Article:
The district engineer must determine the compensatory mitigation to be required in a DA permit, based on what is practicable and capable of compensating for the aquatic resource functions that will be lost as a result of the permitted activity. The purpose of a functional assessment is to evaluate current wetland functions and predict potential changes to a wetland's functions that may result from proposed activities. A wetland is compared to similar wetlands that are relatively unaltered. The approach is based on combining variables that are typically structural measures or indicators that are associated with one or more ecosystem functions. Functions normally fall into one of three major categories: (1) physical (e.g., storage of surface water), (2) chemical (e.g., removal of elements and compounds), and (3) biological (e.g., topography, depth of water, number and size of trees).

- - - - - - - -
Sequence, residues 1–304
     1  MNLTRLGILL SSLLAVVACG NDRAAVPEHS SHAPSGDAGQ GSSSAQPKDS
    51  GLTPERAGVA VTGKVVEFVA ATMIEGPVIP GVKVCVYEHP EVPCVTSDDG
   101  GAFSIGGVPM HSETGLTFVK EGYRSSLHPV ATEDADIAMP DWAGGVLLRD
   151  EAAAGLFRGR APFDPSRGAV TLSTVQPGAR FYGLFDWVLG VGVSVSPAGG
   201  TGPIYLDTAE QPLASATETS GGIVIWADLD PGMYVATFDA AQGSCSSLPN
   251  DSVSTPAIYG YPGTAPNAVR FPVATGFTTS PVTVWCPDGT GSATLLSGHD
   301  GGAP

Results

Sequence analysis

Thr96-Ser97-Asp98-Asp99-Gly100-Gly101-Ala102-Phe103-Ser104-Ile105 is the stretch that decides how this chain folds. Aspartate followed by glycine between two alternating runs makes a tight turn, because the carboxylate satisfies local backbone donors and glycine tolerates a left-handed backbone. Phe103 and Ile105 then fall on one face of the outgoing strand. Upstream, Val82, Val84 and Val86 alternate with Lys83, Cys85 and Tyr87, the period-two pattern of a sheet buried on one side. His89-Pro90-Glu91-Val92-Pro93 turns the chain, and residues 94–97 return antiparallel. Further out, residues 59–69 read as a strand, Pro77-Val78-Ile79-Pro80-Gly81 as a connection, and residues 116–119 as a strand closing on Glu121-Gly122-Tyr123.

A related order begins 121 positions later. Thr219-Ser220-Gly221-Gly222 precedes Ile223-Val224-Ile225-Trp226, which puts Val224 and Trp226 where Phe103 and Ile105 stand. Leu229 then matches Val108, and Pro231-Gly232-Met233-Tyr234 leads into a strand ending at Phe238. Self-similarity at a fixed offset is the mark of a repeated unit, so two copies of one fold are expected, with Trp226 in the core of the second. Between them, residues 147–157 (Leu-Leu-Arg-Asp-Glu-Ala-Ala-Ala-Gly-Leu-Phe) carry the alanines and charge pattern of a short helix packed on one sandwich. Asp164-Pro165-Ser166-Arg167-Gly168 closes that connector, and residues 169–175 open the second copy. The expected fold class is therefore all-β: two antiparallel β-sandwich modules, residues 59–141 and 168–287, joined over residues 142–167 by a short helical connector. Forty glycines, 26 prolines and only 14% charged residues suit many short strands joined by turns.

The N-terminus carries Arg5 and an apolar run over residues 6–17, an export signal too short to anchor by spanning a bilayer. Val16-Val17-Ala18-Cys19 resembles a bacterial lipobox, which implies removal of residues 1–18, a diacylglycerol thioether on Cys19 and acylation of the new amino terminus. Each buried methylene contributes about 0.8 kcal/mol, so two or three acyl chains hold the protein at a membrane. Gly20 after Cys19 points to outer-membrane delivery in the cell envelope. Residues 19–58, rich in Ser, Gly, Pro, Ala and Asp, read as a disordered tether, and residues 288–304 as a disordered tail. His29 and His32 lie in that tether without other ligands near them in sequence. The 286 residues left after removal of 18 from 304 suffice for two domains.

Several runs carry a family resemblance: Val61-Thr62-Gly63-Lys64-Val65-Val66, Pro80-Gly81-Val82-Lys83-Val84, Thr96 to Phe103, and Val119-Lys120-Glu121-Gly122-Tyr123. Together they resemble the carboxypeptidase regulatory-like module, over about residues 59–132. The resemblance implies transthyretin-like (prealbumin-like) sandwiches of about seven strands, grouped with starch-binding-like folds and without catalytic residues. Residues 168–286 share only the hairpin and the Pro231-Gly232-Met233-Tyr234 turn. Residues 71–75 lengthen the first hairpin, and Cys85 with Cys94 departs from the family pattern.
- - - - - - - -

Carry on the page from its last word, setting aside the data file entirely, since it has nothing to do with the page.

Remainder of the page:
The HGM approach to functional assessment estimates the change in functioning induced by alteration of a wetland, either positive or negative. Negative effects (i.e, reductions in sustainable levels of functioning) are normally determined in association with dredge-and-fill permits. The permit review process could use output from an assessment as one tool to determine if the project results in significant degradation. Output from HGM models can also be used to determine the amount of positive effects (i.e., increases in sustainable levels of functioning) associated with compensatory mitigation requirements, normally through restoration of previously altered wetlands of the same type.
For more information on the Galveston District's iHGM policy, please see our Standard Operating Procedure.